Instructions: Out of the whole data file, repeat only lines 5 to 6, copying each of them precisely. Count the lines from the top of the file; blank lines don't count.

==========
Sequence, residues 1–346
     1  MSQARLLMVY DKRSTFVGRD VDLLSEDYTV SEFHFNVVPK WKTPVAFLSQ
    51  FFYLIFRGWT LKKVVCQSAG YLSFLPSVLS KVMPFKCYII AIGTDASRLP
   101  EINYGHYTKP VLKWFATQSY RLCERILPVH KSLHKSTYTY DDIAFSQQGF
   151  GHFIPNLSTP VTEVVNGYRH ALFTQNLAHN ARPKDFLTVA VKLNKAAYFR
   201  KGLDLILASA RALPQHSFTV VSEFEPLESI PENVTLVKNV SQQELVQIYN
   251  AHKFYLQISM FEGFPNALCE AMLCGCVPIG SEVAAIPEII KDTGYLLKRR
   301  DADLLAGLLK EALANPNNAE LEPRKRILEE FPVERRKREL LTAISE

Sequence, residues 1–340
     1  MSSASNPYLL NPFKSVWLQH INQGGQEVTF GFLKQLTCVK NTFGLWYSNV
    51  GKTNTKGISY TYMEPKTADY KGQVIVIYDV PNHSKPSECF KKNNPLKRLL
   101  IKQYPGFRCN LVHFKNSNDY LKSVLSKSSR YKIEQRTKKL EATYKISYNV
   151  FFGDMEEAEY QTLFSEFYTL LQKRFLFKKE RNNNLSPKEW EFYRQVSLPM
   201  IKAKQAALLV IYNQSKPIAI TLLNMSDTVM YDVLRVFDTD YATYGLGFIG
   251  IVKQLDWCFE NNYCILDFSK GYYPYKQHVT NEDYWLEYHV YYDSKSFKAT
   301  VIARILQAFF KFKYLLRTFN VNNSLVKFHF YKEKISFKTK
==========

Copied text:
   151  GHFIPNLSTP VTEVVNGYRH ALFTQNLAHN ARPKDFLTVA VKLNKAAYFR
   201  KGLDLILASA RALPQHSFTV VSEFEPLESI PENVTLVKNV SQQELVQIYN